I would never have the courage to do it on my own!
The job he had asked me was the analysis of the will (dated 1760) of an important member of Robert’s aristocratic family: his 6th great uncle Gaspare De Riso.
It was a very interesting document with an enormous amount of info about the family members and their wealth, who allowed Robert to get as deep as knowing the ancestor’s psychology and thoughts.
His was – of course – a lucky situation which is more often to be found among noble people, but if your ancestors were farmers or smiths or even foundlings, do not despair! Perhaps, somewhere there’s a document that tells a lot about them the same. Finding it, it’s just a question of patience… and luck!
If you want to watch our Zoom chat and to learn more about the De Riso will and Robert’s aristocrat family, click on the following links.
After 16 months, the episode of Finding Your Roots with Christopher Meloni was finally aired!
PBS had contacted me in September 2019 and hired me to research the genealogy of their guest, the Italian-American actor Christopher Meloni.
It was a brand new challenge for me, that I tried to accomplish as best as I could, working for 5 days and in 8 different archives in Liguria and Emilia Romagna.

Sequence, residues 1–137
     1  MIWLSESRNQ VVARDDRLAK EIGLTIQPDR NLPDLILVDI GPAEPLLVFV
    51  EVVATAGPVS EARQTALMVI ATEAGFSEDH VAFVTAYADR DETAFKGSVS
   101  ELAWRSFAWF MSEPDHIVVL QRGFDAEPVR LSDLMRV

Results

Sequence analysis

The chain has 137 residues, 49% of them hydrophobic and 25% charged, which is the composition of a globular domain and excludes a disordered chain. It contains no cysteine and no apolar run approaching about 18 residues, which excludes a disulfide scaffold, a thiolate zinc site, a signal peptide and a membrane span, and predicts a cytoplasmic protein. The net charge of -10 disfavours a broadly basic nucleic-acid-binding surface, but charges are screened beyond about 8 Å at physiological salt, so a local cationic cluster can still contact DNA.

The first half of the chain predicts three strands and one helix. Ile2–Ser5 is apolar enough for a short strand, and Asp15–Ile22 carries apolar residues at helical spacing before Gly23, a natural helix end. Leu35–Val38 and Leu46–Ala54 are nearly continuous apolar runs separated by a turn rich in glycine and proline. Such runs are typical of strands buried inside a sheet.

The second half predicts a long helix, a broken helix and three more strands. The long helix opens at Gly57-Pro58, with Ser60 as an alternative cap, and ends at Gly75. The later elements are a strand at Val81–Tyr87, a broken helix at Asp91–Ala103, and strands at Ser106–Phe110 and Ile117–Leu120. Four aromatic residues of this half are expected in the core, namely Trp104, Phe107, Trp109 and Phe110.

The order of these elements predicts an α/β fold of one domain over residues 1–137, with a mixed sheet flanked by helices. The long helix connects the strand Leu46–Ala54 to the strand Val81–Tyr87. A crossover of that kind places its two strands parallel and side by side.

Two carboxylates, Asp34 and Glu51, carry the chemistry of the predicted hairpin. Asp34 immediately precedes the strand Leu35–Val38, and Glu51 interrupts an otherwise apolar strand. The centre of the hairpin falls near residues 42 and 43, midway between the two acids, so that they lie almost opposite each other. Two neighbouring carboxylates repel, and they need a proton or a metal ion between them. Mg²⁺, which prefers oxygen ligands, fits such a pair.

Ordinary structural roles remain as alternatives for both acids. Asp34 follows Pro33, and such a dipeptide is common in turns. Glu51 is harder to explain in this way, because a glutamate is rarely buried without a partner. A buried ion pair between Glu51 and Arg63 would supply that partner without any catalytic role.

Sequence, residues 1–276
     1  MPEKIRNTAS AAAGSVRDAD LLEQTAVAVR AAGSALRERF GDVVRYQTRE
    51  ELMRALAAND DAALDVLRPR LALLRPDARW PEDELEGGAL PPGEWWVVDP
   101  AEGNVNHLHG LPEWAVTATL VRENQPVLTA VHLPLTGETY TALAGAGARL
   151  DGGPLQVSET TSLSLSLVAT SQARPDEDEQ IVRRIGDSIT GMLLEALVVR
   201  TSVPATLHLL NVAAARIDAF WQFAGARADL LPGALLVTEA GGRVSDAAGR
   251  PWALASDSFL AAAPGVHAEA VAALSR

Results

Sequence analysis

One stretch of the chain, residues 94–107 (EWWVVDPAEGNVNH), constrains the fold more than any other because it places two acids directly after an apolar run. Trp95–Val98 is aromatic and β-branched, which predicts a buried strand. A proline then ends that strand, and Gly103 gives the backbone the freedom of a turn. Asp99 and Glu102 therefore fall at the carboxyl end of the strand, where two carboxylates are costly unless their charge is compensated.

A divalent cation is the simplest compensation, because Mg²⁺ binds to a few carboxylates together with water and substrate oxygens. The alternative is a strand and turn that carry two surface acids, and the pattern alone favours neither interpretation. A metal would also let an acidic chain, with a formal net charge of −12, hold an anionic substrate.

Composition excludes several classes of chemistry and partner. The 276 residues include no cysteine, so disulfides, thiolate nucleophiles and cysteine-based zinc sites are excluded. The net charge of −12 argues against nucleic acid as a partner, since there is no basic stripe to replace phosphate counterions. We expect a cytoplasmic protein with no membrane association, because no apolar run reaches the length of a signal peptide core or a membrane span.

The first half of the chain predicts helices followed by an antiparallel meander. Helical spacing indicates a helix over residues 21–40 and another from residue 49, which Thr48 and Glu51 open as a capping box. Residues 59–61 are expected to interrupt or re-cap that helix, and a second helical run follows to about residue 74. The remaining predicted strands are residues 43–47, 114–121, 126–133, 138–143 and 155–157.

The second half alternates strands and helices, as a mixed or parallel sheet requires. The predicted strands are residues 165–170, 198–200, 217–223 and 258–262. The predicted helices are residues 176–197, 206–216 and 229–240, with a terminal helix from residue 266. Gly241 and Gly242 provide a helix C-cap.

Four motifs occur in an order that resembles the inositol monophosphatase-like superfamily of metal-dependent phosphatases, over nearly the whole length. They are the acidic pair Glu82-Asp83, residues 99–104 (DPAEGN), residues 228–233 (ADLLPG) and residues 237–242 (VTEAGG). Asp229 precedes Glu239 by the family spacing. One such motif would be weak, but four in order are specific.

In the end, the result was:
– two family trees (for two different family lines) totalling 49 direct ancestors
– the most ancient ancestor, Christopher’s 8th great grandfather, born around 1630
– 4 military lists
– identification of 2 houses where Christopher Meloni’s ancestors had lived
– 1 notary’s deed for the purchase of a house
– 1 local history book that a priest gave me as present
– maps, picture of places and other documents
and, of course, many stories of people who lived, worked, married and died without leaving a sign in this world except for their name in the parish records: men who were farmers, others who died of an epidemic, families who were fostering foundlings and – of course – the most striking story, that of Christopher’s great-grandfather Enrico Melone, a baby who was abandoned at birth.
It was clear from the beginning that this would have been the key story of the show and although PBS dropped all the rest – the vast majority of my job – it is clear that they couldn’t do anything else: there must be a single story or two to focus the attention on.
So, you will never know the rest about Christopher’s ancestors, I am sorry!
But don’t worry, there are other interesting and touching stories to discover: those about your own family!
Some pictures of Velva, the place where Christopher’s ancestors were from: an amazing, picturesque village on the Ligurian hills. The town center does not have roads, only stone stairs and narrow paths.